iSoul In the beginning is reality

Faith and works

“Faith” is usually contrasted to “works” as if there were an antithesis, which is said to come from the second chapter of the Epistle of James.  Someone works for something they don’t have but hope to gain.  To work for something one cannot gain would be foolish.  It would also be foolish to work for something one already has.  So works relate to something that someone (w1) does not yet have and (w2) has reason to believe they will gain by works.

Faith is analogous because it relates to something that someone (f1) does not fully appear to have but (f2) has reason to believe they do have and will fully appear to have in the future.  The difference is that in faith there is an apparent divergence between circumstances at two different times whereas for works there is a real divergence between the circumstances at two different times.  What changes over time for faith is the appearance but not the underlying reality.

Faith also lacks the idea of gain which is a key element of works.  For works the change is effected by something one does to gain the desired object.  For faith there is no underlying change.  Whatever gain there may be is in the past for faith but in the future for works.

One may say in faith, “I have this now and even though it does not fully appear that way, it will be obvious to all sometime in the future.”  For example, when a Presidential election takes place in the USA, the person elected does not take office immediately but is inaugurated a few months later.  Between the election and the inauguration the President-elect does not yet appear to be the President.  But they can and do begin to take on aspects of that office such as increased security guards, press entourage, and new significance of their words and actions.  The President-elect may speak and act in faith about their administration as if it were a reality.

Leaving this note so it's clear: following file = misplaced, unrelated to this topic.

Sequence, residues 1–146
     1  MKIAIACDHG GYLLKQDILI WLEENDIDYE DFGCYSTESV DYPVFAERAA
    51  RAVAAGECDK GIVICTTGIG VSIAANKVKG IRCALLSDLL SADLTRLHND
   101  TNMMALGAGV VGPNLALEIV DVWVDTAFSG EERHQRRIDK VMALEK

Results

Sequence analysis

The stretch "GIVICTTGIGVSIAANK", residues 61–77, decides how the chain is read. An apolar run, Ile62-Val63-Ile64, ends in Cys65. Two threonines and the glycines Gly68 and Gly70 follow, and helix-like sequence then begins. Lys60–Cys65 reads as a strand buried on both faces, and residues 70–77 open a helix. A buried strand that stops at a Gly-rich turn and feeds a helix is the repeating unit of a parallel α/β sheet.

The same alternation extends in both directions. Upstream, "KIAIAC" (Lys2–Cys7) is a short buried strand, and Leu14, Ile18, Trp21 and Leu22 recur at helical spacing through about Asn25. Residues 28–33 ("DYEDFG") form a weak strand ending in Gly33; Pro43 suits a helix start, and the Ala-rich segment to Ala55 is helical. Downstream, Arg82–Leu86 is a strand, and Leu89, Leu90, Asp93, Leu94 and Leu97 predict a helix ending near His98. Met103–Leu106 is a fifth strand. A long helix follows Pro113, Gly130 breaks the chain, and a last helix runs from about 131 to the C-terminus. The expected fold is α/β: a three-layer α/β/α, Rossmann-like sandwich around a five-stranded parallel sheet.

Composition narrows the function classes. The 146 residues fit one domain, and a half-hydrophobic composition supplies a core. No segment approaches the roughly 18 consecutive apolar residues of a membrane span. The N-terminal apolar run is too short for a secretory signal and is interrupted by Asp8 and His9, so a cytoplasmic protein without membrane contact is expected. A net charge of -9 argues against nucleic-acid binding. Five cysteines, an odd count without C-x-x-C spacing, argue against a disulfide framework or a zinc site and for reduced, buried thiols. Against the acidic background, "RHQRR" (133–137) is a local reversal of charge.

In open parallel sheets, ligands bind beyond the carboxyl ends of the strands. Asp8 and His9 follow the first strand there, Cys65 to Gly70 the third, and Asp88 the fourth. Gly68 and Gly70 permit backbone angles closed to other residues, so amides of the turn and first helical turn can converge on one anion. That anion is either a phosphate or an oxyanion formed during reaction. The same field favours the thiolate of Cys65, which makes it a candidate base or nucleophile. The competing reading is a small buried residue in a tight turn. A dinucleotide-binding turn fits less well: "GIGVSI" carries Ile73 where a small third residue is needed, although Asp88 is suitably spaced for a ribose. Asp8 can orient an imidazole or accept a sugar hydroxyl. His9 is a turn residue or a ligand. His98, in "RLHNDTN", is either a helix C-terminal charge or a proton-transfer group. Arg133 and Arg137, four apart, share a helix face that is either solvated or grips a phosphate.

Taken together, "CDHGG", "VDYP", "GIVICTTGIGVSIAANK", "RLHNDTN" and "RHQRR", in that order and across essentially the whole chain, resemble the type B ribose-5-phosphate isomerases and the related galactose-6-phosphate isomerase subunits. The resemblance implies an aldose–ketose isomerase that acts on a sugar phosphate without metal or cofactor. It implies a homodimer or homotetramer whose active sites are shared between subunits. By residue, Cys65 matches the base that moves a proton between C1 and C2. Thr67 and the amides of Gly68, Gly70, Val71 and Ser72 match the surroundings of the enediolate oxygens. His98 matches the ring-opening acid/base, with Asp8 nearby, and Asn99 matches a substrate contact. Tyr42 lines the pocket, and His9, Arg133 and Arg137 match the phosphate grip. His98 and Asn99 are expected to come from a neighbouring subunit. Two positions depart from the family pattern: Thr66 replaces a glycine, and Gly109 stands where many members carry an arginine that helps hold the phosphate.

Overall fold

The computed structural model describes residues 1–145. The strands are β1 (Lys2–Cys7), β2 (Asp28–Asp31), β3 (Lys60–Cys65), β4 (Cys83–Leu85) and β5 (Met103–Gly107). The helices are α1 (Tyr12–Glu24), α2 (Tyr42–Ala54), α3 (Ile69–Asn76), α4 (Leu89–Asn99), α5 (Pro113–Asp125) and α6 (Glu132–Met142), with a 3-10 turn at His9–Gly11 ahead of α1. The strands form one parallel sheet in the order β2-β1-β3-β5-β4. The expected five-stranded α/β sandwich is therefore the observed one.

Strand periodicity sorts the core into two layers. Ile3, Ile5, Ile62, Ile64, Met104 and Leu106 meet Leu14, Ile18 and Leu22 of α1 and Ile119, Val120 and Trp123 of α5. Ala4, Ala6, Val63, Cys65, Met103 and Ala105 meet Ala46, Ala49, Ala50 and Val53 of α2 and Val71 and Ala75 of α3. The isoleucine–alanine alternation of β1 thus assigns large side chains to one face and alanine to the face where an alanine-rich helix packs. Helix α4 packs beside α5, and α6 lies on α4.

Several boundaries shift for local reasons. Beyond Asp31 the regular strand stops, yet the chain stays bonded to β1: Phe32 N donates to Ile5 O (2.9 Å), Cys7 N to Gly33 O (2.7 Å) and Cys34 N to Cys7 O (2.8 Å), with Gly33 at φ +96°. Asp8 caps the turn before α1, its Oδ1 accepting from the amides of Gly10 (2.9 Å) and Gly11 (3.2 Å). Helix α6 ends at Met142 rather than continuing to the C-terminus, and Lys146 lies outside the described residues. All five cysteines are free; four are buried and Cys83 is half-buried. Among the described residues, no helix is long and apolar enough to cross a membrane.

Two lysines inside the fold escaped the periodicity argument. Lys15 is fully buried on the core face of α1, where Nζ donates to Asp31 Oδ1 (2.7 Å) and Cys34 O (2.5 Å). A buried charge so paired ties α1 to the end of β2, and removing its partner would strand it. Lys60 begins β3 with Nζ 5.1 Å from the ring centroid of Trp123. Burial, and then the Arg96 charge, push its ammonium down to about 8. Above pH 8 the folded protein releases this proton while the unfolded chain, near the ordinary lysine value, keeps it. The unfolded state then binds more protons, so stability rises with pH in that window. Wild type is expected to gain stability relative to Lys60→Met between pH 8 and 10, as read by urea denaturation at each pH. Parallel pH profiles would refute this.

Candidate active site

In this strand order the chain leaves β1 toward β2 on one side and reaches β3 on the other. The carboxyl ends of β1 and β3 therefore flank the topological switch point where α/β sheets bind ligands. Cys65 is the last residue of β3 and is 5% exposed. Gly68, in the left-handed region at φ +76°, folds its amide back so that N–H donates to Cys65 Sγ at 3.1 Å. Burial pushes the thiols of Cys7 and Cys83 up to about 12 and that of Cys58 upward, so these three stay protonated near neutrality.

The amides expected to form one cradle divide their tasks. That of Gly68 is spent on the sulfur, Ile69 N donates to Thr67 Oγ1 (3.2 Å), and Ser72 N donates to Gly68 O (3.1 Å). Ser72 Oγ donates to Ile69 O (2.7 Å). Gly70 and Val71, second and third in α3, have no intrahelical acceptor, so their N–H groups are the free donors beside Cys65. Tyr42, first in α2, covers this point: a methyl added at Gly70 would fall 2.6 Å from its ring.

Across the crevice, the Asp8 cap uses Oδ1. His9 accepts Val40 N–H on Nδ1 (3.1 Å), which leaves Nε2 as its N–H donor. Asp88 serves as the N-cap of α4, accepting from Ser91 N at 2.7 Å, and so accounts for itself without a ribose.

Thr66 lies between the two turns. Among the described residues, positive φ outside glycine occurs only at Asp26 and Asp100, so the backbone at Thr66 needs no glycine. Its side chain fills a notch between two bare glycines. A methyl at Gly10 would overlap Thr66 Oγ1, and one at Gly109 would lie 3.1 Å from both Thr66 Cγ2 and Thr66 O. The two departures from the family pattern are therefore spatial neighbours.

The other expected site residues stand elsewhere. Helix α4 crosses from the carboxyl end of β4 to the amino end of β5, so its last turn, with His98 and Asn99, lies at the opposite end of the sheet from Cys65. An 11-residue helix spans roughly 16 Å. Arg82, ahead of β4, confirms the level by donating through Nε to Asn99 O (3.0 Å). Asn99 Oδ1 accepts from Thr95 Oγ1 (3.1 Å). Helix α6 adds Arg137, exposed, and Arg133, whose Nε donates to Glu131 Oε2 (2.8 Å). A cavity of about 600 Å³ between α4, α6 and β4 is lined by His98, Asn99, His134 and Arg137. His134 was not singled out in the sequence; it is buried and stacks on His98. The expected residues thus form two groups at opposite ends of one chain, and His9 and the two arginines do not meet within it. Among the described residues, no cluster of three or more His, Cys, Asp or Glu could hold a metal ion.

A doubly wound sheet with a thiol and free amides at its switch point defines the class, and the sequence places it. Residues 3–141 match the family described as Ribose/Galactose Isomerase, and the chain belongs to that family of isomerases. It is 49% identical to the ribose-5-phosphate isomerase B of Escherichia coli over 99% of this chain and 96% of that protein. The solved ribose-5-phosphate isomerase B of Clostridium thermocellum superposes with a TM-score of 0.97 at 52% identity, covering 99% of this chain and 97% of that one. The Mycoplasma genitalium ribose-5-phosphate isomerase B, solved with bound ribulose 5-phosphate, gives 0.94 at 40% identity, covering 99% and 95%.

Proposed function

Not acting may also have consequences. President-elect Abraham Lincoln received many requests to speak or comment on the unprecedented crisis of Secession, but refused and remained publicly silent for several months until he gave speeches while enroute to Washington, DC, for the inaugural ceremonies. Some historians argue that his seeming passivity while president-elect helped precipitate the Civil War.

When James asks someone to show him their faith (James 2.18), he is asking for something behind and beyond the appearances to come out.  How can one demonstrate faith?  By doing things that others would expect to see in order that the appearance and reality are not divergent (or at least less so).  If you say you have faith, then show it by your actions.

James goes on to assert that if someone does not show some of what others would expect to see if they were saved, then the appearance must accurately reflect the reality that they are not saved.  On the other hand, if someone does show some of what others would expect to see if they were saved, then the appearance must accurately reflect the reality that they are saved.  So a complete divergence between appearance and reality is not possible.  James concludes in verse 2.24, “You see that a person is justified by what he does and not by faith alone.”

Thus a Christian asserts by faith in Jesus Christ that they are saved and, while acknowledging that the appearance and reality are not fully synchronized, asserts that the appearance will match the reality sometime in the future.

January 2008

Post Navigation